At the time, scientists were largely uninterested in taking up that new approach to vaccination. Their paper, published in 2005, was summarily rejected by the journals Nature and Science, Dr. Weissman said. The study was eventually accepted by a niche publication called Immunity.

But two biotech companies soon took notice of the work. . .
And the rest is history.

Here’s a video of Karolinska’s announcement:

19 thoughts on “Two researchers nab the biology Nobel Prize for work on mRNA covid vaccines

  1. Expected and deserved, nothing to add here.

    It’s a good time for the NIH to do some serious soul-searching and ask why did they fail so bad and did not provide some basic funding to these researchers? We all should be thankful for them that they persisted nonetheless.

    I am not even going to comment on Science and Nature rejections, it’s not the first Nobel research that has been rejected by these guys.

  2. Sorry about that second post. I got back too late to delete it but go ahead if you like. What I wanted to add to the first one was that Greg Zuckerman’s account of the development of the mRNA vaccines, A Shot to Save the World, is highly recommended.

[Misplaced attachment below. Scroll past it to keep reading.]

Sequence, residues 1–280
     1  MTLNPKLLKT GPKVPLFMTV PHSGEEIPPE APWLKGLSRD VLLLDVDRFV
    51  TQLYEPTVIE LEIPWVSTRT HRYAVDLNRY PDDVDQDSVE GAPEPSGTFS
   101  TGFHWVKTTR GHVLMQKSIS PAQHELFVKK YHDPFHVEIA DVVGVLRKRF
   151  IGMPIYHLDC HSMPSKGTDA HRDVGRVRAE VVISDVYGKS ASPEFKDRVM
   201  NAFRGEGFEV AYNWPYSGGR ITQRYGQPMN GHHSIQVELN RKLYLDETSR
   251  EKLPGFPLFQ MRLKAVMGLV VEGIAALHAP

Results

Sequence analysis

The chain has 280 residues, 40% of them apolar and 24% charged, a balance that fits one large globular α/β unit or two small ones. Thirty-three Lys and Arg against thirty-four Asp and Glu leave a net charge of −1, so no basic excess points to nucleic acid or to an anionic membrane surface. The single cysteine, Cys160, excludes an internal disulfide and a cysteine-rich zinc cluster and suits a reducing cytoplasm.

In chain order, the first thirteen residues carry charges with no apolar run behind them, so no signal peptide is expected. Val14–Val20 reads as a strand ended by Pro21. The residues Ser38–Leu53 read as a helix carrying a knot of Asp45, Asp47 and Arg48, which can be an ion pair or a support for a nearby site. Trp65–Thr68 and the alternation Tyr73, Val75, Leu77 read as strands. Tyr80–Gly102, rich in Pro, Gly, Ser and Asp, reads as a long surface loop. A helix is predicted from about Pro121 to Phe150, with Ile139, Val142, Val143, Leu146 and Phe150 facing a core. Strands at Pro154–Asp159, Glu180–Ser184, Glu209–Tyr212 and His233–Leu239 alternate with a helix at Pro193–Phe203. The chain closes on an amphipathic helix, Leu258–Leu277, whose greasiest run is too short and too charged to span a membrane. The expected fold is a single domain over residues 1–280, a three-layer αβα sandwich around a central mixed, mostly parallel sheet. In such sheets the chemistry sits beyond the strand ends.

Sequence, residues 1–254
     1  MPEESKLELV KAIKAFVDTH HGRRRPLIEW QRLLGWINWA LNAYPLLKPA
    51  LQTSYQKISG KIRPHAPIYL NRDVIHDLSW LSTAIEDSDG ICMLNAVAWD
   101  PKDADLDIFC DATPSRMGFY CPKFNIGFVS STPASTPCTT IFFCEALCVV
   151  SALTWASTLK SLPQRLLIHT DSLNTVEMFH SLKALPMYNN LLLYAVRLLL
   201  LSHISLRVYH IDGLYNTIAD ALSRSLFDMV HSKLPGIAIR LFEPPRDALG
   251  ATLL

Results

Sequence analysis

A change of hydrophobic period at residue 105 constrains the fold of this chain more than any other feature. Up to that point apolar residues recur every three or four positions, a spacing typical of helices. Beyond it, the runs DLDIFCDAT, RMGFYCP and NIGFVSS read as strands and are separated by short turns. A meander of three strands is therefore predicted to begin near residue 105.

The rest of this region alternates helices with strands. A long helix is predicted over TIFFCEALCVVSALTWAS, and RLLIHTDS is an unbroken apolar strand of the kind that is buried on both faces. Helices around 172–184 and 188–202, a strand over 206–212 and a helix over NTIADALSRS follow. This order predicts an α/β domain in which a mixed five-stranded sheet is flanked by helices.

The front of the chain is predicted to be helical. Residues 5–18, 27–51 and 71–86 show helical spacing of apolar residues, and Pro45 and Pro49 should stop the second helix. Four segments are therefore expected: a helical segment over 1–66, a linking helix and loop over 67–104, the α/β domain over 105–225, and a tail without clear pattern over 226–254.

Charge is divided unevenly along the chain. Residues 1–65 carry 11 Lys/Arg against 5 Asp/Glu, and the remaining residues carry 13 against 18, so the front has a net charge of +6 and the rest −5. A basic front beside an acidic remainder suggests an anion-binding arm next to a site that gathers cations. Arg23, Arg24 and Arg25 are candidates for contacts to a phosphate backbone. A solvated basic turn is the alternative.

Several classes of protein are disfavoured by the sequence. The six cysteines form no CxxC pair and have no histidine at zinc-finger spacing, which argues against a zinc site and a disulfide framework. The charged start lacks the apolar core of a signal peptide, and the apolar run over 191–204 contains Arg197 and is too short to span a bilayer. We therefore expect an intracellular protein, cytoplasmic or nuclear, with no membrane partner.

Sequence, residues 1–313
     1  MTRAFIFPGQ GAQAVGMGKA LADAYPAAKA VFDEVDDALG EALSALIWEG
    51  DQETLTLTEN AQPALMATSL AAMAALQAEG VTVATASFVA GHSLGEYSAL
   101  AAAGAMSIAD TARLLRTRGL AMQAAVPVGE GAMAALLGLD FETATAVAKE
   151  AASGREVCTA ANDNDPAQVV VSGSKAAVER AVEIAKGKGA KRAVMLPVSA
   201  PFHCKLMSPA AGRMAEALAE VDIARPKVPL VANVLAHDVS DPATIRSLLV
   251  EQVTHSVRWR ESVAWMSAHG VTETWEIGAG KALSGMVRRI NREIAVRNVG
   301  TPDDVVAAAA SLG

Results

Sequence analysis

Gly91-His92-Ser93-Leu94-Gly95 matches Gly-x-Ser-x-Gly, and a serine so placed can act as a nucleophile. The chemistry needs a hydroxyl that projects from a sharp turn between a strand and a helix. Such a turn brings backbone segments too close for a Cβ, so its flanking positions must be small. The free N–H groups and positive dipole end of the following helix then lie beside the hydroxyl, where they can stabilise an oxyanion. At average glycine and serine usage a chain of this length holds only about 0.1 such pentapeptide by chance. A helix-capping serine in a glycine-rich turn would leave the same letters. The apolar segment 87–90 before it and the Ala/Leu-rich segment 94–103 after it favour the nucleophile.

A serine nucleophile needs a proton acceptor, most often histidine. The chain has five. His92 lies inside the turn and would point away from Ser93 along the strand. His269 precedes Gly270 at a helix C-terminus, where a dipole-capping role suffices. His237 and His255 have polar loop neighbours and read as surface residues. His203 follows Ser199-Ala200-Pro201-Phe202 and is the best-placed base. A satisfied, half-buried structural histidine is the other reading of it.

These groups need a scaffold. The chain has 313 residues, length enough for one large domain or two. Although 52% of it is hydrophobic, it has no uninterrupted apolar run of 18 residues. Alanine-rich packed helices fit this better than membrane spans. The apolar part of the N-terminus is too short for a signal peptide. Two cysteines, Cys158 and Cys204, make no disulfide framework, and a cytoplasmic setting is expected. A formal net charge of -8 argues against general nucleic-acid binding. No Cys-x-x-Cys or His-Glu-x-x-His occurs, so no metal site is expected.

3. The 30-minute video of the announcement and some press q&a embedded in Jerry’s post is very good. All Nobel committee people are subject matter experts and give excellent and straightforward answers to the press.

  4. Good choice. Millions saved from COVID deserves this recognition. You never know where basic science will lead.

  5. Interesting that many of the questions came from China. Also interesting that Katalin actually lost her job in Pittsburg and moved back overseas to work. Possibly some people in Pittsburg might be thinking about that move.

    The answer to the question, how does this affect the anti-vaxxcers probably not much. A strong pandemic however, does eliminate some of these folks.

    1. “A strong pandemic however, does eliminate some of these folks.” I don’t think commenters here should be dunking on dead people who may have been victims of their own misunderstandings or prejudices.

      1. And disproportionately they were minorities who also suffered from their own misunderstanding and prejudices. Even as vaccination rates picked up among initially mistrustful blacks so that they eventually exceeded that in the identifiable demographic of older white men with red MAGA hats*, death rates per 100,000 unvaccinated blacks exceeded that in unvaccinated OWMwRMHs by a wide margin. This was chiefly down to higher prevalence of high blood pressure and obesity in blacks, and generally higher attack rates in poor black communities.
        *Yes, really.